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Subacute Infarction

Last Updated: October 1, 2018

Figure 1: Masslike, cortical FLAIR hyperintense signal (top row left) with heterogeneous enhancement (top row right) in the anterior left temporal lobe and right occipital lobe. No evidence of reduced diffusivity on DWI (bottom row left). This presentation is often challenging and requires an appropriate history to make the correct diagnosis as a subacute infarction can commonly be mistaken for a neoplasm. The faint T1 hyperintensity in the cortex (bottom row right) can be a clue to cortical laminar necrosis of subacute infarct.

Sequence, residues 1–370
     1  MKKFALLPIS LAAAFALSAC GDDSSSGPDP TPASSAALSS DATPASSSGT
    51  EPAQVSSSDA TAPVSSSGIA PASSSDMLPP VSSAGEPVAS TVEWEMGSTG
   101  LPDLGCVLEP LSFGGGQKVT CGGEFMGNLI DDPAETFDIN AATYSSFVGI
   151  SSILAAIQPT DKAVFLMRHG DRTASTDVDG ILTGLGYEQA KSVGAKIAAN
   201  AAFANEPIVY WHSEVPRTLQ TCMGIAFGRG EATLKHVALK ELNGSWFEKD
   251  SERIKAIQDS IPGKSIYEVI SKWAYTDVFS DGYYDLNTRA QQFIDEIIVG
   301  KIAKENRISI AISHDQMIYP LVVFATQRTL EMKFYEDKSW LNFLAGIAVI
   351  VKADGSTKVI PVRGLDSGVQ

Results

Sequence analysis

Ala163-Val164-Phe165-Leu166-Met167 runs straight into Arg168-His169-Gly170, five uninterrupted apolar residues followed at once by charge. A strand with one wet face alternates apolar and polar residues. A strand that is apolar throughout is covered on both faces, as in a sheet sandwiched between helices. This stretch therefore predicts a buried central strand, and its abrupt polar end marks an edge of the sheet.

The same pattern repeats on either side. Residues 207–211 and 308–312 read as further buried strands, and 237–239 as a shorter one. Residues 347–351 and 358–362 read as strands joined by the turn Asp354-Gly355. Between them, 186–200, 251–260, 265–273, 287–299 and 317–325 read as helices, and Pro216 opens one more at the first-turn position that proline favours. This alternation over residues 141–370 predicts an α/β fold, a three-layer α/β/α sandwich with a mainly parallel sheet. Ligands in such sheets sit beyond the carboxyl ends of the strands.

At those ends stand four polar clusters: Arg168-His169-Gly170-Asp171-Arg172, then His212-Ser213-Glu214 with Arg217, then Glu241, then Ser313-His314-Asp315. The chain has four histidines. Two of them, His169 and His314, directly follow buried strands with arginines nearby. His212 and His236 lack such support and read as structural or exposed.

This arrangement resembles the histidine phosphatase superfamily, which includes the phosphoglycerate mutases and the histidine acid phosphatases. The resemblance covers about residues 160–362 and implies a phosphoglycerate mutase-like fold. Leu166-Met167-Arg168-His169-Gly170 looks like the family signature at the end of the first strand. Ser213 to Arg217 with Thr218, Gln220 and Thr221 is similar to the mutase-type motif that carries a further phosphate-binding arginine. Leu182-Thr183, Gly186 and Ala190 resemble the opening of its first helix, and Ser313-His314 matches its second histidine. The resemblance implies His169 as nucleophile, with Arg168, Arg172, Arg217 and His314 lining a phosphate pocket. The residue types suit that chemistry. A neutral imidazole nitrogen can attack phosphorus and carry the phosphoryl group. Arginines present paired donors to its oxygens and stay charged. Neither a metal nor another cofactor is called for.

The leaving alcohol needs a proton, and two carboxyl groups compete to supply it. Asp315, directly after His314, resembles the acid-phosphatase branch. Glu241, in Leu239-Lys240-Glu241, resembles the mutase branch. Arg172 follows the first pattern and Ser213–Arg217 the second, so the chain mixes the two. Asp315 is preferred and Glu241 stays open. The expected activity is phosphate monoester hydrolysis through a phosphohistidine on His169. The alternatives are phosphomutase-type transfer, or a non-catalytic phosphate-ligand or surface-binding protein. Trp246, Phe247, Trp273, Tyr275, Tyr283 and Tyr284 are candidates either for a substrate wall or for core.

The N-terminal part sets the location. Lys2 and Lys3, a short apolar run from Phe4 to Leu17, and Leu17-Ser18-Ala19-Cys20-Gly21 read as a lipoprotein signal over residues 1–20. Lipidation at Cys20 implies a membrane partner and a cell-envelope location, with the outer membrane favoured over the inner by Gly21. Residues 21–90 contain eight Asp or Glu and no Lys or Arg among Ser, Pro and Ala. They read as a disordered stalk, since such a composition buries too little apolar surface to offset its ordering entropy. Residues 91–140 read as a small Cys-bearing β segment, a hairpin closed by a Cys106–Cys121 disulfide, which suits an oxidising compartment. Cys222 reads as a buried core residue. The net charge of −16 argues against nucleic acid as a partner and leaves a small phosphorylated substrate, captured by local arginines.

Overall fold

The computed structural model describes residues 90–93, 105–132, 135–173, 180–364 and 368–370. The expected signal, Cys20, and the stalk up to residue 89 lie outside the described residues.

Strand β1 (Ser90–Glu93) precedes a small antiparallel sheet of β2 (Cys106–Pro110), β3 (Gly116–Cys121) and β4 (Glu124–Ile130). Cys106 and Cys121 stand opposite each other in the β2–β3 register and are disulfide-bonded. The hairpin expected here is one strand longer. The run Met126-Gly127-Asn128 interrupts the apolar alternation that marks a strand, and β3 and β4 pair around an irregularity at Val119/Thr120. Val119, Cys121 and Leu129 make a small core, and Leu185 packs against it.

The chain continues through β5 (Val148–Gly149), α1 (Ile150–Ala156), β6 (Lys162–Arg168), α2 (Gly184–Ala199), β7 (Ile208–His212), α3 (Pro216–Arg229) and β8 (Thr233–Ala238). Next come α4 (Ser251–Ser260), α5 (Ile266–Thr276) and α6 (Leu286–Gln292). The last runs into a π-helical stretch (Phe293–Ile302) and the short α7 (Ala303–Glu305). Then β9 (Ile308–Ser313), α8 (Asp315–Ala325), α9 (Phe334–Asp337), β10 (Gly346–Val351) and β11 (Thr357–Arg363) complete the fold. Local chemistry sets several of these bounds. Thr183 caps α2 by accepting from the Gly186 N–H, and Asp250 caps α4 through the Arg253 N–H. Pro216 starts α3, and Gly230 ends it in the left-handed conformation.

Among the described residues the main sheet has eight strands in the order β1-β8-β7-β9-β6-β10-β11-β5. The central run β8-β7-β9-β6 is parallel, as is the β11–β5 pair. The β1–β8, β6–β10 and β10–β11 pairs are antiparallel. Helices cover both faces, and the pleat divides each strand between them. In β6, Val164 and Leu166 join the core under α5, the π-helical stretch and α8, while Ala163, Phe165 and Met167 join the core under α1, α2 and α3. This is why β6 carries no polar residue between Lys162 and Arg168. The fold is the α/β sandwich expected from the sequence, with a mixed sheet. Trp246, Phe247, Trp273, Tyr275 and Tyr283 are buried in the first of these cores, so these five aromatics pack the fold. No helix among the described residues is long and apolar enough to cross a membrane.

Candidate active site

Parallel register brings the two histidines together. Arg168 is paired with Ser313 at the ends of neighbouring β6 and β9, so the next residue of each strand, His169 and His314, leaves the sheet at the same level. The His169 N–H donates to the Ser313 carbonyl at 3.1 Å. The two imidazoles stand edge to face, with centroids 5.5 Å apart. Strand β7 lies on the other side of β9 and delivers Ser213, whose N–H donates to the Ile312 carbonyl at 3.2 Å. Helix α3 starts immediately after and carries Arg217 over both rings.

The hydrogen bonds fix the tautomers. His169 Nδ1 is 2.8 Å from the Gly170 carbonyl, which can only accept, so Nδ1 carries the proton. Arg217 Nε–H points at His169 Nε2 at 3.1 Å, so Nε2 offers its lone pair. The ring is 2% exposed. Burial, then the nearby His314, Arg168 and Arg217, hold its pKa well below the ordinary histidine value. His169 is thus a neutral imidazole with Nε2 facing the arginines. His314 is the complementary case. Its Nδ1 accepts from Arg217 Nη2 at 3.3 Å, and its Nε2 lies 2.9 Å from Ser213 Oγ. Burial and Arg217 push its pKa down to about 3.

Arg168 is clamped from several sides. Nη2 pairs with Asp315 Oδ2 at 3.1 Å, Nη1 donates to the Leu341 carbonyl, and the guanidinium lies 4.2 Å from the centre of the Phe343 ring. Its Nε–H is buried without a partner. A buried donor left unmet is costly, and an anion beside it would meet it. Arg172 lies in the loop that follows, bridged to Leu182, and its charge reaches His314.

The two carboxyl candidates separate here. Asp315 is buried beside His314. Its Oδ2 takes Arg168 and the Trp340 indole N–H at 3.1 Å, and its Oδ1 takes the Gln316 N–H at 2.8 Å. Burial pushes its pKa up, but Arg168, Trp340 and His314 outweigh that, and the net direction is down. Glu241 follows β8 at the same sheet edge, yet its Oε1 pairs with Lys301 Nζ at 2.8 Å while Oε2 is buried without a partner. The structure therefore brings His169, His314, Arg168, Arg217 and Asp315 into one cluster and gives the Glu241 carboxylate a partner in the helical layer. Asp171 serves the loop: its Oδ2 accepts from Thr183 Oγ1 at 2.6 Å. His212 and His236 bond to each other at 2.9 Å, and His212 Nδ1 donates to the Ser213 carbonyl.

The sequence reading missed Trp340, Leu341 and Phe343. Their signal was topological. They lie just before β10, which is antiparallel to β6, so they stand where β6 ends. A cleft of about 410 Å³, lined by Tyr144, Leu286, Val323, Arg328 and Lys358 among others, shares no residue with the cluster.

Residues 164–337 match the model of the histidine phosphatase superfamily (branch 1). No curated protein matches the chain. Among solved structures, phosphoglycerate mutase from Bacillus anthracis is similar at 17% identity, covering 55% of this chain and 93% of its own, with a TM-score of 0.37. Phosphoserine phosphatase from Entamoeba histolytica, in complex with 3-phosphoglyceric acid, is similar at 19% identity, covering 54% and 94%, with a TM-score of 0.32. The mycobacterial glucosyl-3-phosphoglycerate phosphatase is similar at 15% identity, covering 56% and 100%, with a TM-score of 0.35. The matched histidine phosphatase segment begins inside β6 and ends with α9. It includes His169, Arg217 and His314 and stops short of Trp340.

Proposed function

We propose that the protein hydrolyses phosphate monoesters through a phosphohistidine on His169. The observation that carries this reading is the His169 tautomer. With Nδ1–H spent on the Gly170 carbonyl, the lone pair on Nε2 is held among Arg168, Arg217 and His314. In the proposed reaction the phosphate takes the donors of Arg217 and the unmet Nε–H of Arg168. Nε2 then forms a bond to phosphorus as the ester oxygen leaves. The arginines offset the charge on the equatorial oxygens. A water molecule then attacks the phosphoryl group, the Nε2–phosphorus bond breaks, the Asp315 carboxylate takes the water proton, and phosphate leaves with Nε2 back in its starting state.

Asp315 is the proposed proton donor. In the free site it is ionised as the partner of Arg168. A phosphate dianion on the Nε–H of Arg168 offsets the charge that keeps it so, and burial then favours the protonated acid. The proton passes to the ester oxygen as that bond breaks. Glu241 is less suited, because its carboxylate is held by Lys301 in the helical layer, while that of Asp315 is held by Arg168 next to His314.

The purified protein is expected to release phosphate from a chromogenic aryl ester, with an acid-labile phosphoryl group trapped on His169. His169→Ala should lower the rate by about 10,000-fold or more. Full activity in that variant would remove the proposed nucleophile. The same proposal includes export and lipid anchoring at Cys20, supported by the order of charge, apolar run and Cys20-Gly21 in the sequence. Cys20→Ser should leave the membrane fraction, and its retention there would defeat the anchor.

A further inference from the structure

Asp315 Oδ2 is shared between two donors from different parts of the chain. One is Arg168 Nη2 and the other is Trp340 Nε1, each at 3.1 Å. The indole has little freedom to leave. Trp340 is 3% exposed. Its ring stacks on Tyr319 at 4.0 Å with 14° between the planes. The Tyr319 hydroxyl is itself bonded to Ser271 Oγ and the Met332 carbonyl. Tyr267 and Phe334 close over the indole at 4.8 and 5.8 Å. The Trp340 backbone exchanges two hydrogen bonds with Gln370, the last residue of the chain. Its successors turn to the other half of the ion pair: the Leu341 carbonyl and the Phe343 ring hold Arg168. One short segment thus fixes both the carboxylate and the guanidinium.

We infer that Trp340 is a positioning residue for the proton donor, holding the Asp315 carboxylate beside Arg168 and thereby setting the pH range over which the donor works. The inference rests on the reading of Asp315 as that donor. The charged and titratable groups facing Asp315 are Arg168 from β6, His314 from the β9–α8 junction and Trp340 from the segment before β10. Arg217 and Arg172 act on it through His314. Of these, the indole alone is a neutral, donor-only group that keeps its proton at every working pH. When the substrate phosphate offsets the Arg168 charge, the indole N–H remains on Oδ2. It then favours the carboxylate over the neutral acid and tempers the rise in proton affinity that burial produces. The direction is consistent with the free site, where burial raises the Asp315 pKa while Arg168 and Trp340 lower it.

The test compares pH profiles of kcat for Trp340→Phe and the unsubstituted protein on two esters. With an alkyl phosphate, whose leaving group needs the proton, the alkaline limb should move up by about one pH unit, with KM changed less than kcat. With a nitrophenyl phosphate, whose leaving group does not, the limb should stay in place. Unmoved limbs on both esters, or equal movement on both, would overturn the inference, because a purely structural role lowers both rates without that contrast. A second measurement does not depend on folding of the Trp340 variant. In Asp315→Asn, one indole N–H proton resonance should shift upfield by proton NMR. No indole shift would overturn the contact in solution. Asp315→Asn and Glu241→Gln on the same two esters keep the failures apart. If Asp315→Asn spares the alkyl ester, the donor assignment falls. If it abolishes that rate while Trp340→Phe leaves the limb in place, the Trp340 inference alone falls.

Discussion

• Interrupted flow to brain resulting in cerebral ischemia or infarction with variable neurologic deficits